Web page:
Manny missed a semester of congressional sessions to practice boxing, went back to school where professors are afraid to fail him because of his celebrity status.

    So the lesson learned. Drop school. Go to Jail. Box. When become celebrity go to school.

    Not school. Box (boxing is not school sanctioned sports(?)). Become a celebrity. Then spend retirement in jail.

  15. So, yesterday, Monday. I went up there to take pictures against my wishes but my wife and son wants to. Grrrrrr !!!!

    Gosh, the parking spot was perfect. I, by chance, parked next to Manny Pacquiao's Cadillac Escalade. The only spot !!! Filipinos looked. And they looked. They stood. Craned their neck. Flash began popping. TFC cameramen followed with their HD Cameras. Who could be in this white SAAB with the moon roof open? He's wearing an oversized Paris Hilton black sunglass at 6:00 in the morning. Filipinos do not drive SAAB. They do not open the moon roof afraid to get skin fried brown or mushed their well-coiffed hair. I calmly closed the hatch and stepped out. "Bwesit, it is another Filipino. A Manny Pacquiao fan!"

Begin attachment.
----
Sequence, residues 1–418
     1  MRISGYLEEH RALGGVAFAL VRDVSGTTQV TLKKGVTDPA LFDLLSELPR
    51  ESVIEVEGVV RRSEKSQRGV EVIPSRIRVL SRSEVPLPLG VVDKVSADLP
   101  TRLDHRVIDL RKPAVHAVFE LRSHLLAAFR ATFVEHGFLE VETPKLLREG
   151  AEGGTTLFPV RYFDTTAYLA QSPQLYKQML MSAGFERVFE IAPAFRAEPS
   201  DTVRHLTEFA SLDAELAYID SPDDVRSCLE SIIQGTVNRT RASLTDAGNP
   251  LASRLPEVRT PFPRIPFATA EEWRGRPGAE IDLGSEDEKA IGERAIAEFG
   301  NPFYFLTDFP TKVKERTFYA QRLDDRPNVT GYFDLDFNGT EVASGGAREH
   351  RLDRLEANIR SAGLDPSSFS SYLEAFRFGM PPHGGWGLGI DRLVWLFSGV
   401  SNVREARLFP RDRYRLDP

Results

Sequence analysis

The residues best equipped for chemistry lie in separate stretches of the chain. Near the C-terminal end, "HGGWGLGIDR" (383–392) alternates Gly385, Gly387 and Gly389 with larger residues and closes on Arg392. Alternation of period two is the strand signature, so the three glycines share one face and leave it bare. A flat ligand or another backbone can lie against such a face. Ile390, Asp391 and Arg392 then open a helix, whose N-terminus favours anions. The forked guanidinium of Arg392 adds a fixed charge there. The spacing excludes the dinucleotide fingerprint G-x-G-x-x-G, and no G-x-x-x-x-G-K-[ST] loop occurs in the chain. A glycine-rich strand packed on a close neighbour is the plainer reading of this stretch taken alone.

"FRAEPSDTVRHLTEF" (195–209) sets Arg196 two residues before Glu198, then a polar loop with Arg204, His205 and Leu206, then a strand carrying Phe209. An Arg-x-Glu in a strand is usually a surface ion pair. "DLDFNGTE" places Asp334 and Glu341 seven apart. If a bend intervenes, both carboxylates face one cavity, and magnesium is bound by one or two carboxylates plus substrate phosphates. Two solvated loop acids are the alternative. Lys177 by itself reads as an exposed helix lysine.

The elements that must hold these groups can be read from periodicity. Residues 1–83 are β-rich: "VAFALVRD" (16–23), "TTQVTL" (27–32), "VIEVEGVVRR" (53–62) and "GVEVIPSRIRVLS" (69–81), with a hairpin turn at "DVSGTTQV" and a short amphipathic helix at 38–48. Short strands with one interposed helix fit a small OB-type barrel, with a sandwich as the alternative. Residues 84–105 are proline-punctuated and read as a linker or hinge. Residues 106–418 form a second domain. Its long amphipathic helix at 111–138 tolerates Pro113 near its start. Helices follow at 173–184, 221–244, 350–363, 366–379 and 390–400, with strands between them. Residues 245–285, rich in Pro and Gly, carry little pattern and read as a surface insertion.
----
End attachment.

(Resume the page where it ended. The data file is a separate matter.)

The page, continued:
I was able to grab several great shots. But Manny is not accessible anymore. I couldn't have my shot taken with him. I was shooed away by a burly Filipino with Philippine-englischtzes. But I was able to have a shot with his two brothers. They were amiable. Well, they are not celebrity yet!

    The Filipinos around were bisdaks. They talked in Bisdaks. Manny Pacquiao was giving jokes that is inappropriate to Americans more so as a congressman. Well, he is a boxer. Around him are boxers who are down on their luck at education and trying their luck on boxing.